Bushfires threaten drinking water safety. The consequences could last for decades



Warnings about poor drinking water quality are in place in some areas affected by the bushfires.
From shutterstock.com

Stuart Khan, UNSW

Bushfires pose serious short- and long-term impacts to public drinking water quality. They can damage water supply infrastructure and water catchments, impeding the treatment processes that normally make our water safe to drink.

Several areas in New South Wales and Victoria have already been issued with warnings about the quality of their drinking water.

Here’s what we know about the short- and long-term risks.




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Short-term risks

Bushfires can damage or disrupt water supply infrastructure as they burn. And the risks can persist after the fires are out.

A loss of power, for example, disables important water treatment processes such as chlorine disinfection, needed to kill microorganisms and make our water safe to drink.

Drinking water for the towns of Eden and Boydtown on the NSW south coast has been affected in this way over recent days. Residents have been advised to boil their water before drinking it and using it for cooking, teeth brushing, and so on.

Other towns including Cobargo and Bermagui received similar warnings on New Year’s Eve.




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In some cases, untreated water, straight from a river supply, may be fed directly into drinking water systems. Water treatment plants are bypassed completely, due to damage, power loss, or an inability to keep pace with high volumes of water required for firefighting.

We’ve seen this in a number of southern NSW towns this week including Batlow, Adelong, Tumbarumba, and the southern region of Eurobodalla Council, stretching from Moruya to Tilba. Residents of these areas have also been urged to boil their drinking water.

Untreated river water, or river water which has not been properly disinfected with chlorine, is usually not safe for drinking in Australia. Various types of bacteria, as well as the parasites giardia and cryptosporidium, could be in such water.

Animals including cattle, birds and kangaroos can excrete these microorganisms into river water. Septic tanks and sewage treatment plants may also discharge effluents into waterways, adding harmful microorganisms.

Human infection with these microorganisms can cause a range of illnesses, including gastrointestinal diseases with symptoms of diarrhoea and vomiting.




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Long-term risks

Bushfires can damage drinking water catchments, which can lead to longer term threats to drinking water. Drinking water catchments are typically forested areas, and so are vulnerable to bushfire damage.

Severe impacts to waterways may not occur until after intense rainfall. Heavy rain can wash ash and eroded soil from the fires into waterways, affecting drinking water supplies downstream.

For example, bushfire ash contains nutrients, such as nitrogen and phosphorous. Increased nutrient concentrations can stimulate the growth of cyanobacteria, commonly known as “blue-green algae”.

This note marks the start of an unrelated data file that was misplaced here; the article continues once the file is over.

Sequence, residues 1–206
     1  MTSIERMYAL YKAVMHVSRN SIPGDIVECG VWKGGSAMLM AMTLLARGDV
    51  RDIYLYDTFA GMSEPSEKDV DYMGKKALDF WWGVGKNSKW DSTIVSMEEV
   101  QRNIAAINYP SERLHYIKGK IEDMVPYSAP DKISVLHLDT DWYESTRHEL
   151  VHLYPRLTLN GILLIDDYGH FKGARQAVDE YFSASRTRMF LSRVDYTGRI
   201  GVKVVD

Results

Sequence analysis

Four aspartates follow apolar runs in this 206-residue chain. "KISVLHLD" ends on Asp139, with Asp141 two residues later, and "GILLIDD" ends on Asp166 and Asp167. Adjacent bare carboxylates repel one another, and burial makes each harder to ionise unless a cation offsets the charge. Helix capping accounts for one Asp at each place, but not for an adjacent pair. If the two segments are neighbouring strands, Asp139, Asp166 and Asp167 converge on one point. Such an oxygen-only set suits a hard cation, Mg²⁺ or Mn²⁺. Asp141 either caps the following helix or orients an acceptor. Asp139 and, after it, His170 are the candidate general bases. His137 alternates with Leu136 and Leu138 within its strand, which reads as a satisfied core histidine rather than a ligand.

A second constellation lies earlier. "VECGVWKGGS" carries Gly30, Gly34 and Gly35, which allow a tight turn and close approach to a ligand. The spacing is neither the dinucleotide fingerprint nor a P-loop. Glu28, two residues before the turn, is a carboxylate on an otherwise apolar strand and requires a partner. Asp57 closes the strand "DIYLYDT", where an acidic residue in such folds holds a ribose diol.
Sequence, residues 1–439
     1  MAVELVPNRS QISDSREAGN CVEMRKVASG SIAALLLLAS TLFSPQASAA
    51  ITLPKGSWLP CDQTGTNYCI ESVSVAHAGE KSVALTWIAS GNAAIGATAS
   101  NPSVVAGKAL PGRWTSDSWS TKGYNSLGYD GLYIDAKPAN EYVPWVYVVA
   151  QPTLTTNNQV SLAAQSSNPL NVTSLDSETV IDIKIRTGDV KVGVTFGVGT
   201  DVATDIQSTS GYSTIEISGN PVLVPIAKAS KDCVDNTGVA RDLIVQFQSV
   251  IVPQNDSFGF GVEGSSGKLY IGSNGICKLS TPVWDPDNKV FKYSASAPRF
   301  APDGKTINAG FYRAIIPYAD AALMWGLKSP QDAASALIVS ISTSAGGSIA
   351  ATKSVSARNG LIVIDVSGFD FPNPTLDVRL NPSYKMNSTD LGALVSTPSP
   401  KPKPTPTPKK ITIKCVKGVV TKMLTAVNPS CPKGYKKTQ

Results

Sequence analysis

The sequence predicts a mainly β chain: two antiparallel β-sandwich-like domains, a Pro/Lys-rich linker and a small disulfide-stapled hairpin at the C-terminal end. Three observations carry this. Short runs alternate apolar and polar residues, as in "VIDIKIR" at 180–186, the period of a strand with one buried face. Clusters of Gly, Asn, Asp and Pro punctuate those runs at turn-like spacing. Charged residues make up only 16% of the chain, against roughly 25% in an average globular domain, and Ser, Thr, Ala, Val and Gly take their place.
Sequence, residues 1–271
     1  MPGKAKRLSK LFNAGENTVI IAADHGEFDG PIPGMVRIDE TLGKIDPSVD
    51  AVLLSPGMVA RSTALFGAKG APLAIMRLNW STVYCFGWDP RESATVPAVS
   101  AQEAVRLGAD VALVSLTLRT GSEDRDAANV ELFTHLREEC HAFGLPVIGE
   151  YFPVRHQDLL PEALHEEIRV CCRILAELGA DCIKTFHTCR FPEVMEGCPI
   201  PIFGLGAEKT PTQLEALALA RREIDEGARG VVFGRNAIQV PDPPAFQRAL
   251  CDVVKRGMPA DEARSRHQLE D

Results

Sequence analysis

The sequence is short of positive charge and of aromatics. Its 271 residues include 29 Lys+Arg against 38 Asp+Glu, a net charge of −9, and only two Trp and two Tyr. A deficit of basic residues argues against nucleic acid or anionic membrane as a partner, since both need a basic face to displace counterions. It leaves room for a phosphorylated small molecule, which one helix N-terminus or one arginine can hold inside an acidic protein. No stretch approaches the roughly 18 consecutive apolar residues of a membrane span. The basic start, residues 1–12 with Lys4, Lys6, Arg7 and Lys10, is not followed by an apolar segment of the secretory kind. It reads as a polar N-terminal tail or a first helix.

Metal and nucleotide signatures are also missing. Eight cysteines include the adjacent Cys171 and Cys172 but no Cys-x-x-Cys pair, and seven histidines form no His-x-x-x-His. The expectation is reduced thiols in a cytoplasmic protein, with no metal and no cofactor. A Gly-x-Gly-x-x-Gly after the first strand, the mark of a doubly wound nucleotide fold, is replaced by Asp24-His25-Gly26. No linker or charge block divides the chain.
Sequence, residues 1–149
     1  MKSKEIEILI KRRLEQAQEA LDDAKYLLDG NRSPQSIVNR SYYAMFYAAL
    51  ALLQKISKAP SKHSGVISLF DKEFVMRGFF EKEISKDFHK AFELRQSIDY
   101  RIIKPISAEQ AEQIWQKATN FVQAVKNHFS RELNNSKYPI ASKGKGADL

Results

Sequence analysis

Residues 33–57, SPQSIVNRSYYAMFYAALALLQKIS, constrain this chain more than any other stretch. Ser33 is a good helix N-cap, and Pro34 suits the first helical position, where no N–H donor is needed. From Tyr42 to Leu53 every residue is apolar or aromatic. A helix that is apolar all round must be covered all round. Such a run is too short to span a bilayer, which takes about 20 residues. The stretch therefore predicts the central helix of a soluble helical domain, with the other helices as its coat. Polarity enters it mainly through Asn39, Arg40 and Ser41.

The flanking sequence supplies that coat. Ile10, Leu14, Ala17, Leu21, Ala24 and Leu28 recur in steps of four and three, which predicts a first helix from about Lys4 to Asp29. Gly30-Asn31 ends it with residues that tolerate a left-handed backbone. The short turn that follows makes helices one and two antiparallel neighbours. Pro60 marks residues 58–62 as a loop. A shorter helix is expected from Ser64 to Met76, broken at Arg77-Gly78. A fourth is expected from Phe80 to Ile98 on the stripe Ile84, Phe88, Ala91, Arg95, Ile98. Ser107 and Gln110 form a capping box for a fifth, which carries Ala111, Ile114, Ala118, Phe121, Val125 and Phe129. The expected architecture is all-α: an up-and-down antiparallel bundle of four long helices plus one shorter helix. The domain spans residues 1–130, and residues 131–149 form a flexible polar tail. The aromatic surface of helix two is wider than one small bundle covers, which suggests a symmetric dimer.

Cyanobacteria produce chemicals which may cause a range of water quality problems, including poor taste and odour. Some cyanobacteria can produce toxic chemicals, requiring very careful management to protect treated drinking water.

Boiling water will kill microorganisms, but not chemical substances.
From shutterstock.com

Many water treatment plants include filtration processes to filter small suspended particles from the water. But an increase in suspended particles, like that which we see after bushfires, would challenge most filtration plants. The suspended particles would be removed, but they would clog the filters, requiring them to be more frequently pulled from normal operation and cleaned.

This cleaning, or backwashing, is a normal part of the treatment process. But if more time must be spent backwashing, that’s less time the filters are working to produce drinking water. And if the rate of drinking water filtration is slowed and fails to keep pace with demand, authorities may place limitations on water use.




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Boiling water isn’t always enough

In order to reduce the risk of gastrointestinal and other illnesses, water suppliers and health departments may issue a boil water alert, as we’ve seen in the past week. Bringing water to a “rolling boil” can reliably kill most of the microorganisms of concern.

In cases where water may be contaminated with chemical substances rather than microorganisms, boiling is usually not effective. So where there’s a risk of chemical contamination, public health messages are usually “do not drink tap water”. This means bottled water only.

Such “do not drink” alerts were issued this week following bushfire impacts to water treatment plants supplying the Victorian towns of Buchan and Omeo.




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Impacts to catchments from bushfires and subsequent erosion can have long-lasting effects, potentially worsening untreated drinking water quality for many years, even decades.

Following these bushfires, many water treatment plant operators and catchment managers will need to adapt to changed conditions and brace for more extreme weather events in the future.The Conversation

Stuart Khan, Professor of Civil & Environmental Engineering, UNSW

This article is republished from The Conversation under a Creative Commons license. Read the original article.

Sodom found? The quest for the lost city of destruction – Part 1


By Brian Nixon

Special to ASSIST News Service